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Student Travel: Making Remote Sensing Connections at AGU

a sign with guidelines for stopping the spread of sudden oak death disease

Editor’s note: Each semester, students in the Geospatial Analytics Ph.D. program can apply for a Geospatial Analytics Travel Award that supports research travel or presentations at conferences. The following is a guest post by travel award winner Nick Kruskamp, a third-year doctoral student, as part of the Student Travel series.

Cutting-Edge Geospatial Analytics at the American Geophysical Union Annual Conference

I was honored to receive a travel award from the Center for Geospatial Analytics to present my research at the 2018 American Geophysical Union (AGU) 2018 Fall Meeting in Washington, D.C. This conference is particularly exciting as it has such a strong international component. This year I shared my work on using time-series remote sensing approaches to detect forest disease spread in Curry County, Oregon, USA.

The forest disease Phytopthora ramorum, more commonly known as sudden oak death, is responsible for killing millions of trees and costing millions of dollars in management and mitigation. Despite the effort to slow or stop the spread, the disease continues to move across the landscape. New methods are needed to understand the spread of the disease, and time-series remote sensing is uniquely suited to solve this problem.

Satellite images cover a broad area and capture scenes of the same places frequently, allowing for repeat surveys of forest health through time. Novel algorithms, such as Continuous Change and Detection Classification, can be used to compare images between time periods and identify forest pixels that may have changed. When I pair this information with ground data, I can be more certain that a change observed from satellite images is due to disease.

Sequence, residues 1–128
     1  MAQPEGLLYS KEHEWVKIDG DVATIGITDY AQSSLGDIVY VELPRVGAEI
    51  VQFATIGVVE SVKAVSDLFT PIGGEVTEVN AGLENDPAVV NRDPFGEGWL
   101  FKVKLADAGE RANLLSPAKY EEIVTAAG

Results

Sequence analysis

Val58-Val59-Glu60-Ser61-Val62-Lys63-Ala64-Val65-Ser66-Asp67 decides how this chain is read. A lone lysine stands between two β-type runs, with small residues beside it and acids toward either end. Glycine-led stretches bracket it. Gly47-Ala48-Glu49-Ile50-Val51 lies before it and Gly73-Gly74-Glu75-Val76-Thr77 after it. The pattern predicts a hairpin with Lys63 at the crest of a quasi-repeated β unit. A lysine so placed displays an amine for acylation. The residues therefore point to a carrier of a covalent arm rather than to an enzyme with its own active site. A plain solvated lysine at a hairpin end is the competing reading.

I have begun to examine the ways in which we can verify and validate the identification of disease onset in forest environments, and strive to use these new methods to detect disease earlier and help improve existing landscape models of disease spread. At the AGU conference, I presented my work in a session that was co-organized by one of the lead researchers who developed the algorithms I am using for image analysis. This was an excellent opportunity to meet face-to-face with someone I had only known through journal articles. After my presentation, I was also able to chat with a scientist from Portugal working on similar disease and disturbance challenges. Our conversation has led to follow-up meetings discussing future collaboration. These opportunities would not have been possible had I not attended the conference. The results I presented also highlighted the need for a more global focus on forest disease impacts. Ultimately, this work is important for helping to preserve our natural forest ecosystems and aid land managers in treating forest diseases.